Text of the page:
Thursday, August 4, 2011

July at the Lodge 2

I didn't end up taking a lot of time to go hunting for wildlife or photos - being there with the family was full of activities with the kids and adults: boating, lots of swimming considering the temperatures were in the high 30's all week, a zip-line type airplane game for the kids my Dad made, etc.  But sharing the grounds of the lodge, there are enough unique creatures to enjoy right nearby.

The following picture is my consolation on what I was hoping would be a great shot of a fish bursting through the water's surface to gobble up this unfortunate moth.  It had ended up in the water somehow, and through the clear water, a few moments earlier I had seen about four nice sized bass cruising the area.  I was assuming this is the sort of thing any fish would notice quickly and come straight for.  Nothing - they must have been full.

A moth beating a standing wave pattern on the water's surface.

Dock spiders (or also known as fishing spider, raft spider) are about the biggest spider in Southern Ontario.  These ones are about 75mm across, but get bigger.  These spiders hunt by water, waiting along a rock or similar location, to snatch a passing insect out of the air, off the water's surface, and sometimes from below.  While watching them on another occasion, I saw one of the spiders snatch a damsel fly whose path came too close, no camera on me of course!  

Female (left) and male (right) dock spider.  Males are typically smaller in spiders.

Their eyesight isn't terribly keen though, and they usually rely more on their sensitive legs which have many tiny hairs to sense vibrations in the water.  These hairs also provide the surface tension which allows them to run across the water to pursue creatures which come within range such as water beetles, water striders, or even young fish that tend to stay to the shallows.  Amazingly, they can differenThey can tell though, which vibrations are what - differentiating between an insect struggling on the surface of the water, and a leaf falling into the water.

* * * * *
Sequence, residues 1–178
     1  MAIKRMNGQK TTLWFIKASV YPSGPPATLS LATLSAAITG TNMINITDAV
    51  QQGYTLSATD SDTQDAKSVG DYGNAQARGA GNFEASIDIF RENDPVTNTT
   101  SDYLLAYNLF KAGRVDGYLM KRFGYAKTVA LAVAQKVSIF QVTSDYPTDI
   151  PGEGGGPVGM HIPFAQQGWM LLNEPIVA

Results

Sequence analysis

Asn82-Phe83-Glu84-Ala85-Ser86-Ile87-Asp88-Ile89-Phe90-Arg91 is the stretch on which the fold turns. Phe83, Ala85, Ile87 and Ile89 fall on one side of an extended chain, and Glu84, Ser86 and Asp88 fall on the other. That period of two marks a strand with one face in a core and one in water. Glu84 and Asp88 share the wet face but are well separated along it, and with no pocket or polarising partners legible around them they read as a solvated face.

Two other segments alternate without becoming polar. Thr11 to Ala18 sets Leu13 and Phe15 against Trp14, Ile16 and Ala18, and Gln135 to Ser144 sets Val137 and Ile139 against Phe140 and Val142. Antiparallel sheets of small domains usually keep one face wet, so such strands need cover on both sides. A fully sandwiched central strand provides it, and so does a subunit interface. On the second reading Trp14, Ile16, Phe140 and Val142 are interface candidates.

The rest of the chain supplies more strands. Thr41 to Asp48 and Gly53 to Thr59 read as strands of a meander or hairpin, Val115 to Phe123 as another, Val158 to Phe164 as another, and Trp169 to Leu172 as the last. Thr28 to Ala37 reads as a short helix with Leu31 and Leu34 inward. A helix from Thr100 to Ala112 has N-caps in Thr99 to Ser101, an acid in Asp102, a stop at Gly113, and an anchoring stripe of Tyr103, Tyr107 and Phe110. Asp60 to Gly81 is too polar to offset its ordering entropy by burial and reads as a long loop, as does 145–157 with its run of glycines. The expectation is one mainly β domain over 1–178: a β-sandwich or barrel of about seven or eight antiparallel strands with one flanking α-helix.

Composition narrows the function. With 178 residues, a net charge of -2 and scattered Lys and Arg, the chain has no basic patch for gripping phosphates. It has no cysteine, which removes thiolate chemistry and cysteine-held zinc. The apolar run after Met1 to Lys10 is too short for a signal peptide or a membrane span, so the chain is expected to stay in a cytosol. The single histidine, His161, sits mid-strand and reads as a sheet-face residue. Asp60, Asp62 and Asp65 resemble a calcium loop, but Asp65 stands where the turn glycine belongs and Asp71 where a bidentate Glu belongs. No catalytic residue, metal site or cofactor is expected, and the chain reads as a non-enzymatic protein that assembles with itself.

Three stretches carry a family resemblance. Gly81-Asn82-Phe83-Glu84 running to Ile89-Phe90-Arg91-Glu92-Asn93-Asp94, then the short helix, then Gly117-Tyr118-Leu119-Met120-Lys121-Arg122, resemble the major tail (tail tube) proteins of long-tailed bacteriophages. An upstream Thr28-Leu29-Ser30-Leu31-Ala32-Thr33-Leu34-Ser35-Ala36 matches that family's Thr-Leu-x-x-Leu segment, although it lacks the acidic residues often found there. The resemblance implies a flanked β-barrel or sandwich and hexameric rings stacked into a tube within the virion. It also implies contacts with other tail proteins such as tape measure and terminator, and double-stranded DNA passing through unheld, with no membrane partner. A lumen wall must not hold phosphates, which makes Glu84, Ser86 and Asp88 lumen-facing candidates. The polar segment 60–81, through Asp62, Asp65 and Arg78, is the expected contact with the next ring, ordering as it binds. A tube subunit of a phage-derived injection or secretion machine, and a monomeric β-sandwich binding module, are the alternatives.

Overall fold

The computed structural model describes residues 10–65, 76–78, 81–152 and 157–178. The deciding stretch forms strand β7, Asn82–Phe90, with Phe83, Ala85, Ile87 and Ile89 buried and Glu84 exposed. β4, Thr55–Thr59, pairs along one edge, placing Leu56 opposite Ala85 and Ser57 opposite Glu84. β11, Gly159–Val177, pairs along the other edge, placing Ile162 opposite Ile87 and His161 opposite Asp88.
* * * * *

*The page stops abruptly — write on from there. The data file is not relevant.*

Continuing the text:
Hunting on the water's edge.

Once caught the prey is quickly injected with the poison and digestive juices through their hollow jaws, just barely visible behind its "hairy mostache".

Dock Spider.

Dragonflies are amazingly design creatures.  Of insects, they have some of the fastest accelerations and speeds.  Some can travel up to 45 km/hr, with full mobility of movement: up, down, sideways, backwards.  They have very good eyesight, their compound eyes giving them pretty much a 360 degree view, and very sensitive to movement.  They catch, and usually eat their prey of insects on the wing, keeping the balance of one of their main diets, mosquitos, partially in check.

I have not found a great online source for determining dragonfly and damselfly species yet.  If anyone knows one, I'd be grateful for the nudge in the right direction.

Dragonfly - Calico Pennant

Dragonfly - Blue Skimmer

And here's a familiar sight - a grasshopper.  Their design is incredible, allowing them to catapult themselves proportionately huge distances with strong, leveraged hind legs.  Did you know they had "ears"?  Like crickets, they also call to each other with chirping sounds.  On this grasshopper, the drums are located just above where the hind leg joins to the body - there is a partially covered, round depression partially hidden by it's wing.  Other grasshoppers have them on their front legs.

Two-striped Grasshopper.

Well, we're off to the Lodge with Holly's family for part of the week.  I have to come back early, and won't be able to enjoy the full week with them.  Should be a great time though.  When I get back I'll post the remainder of the pictures from my last trip - I've saved my favourite ones for last - Merlin and Osprey.  

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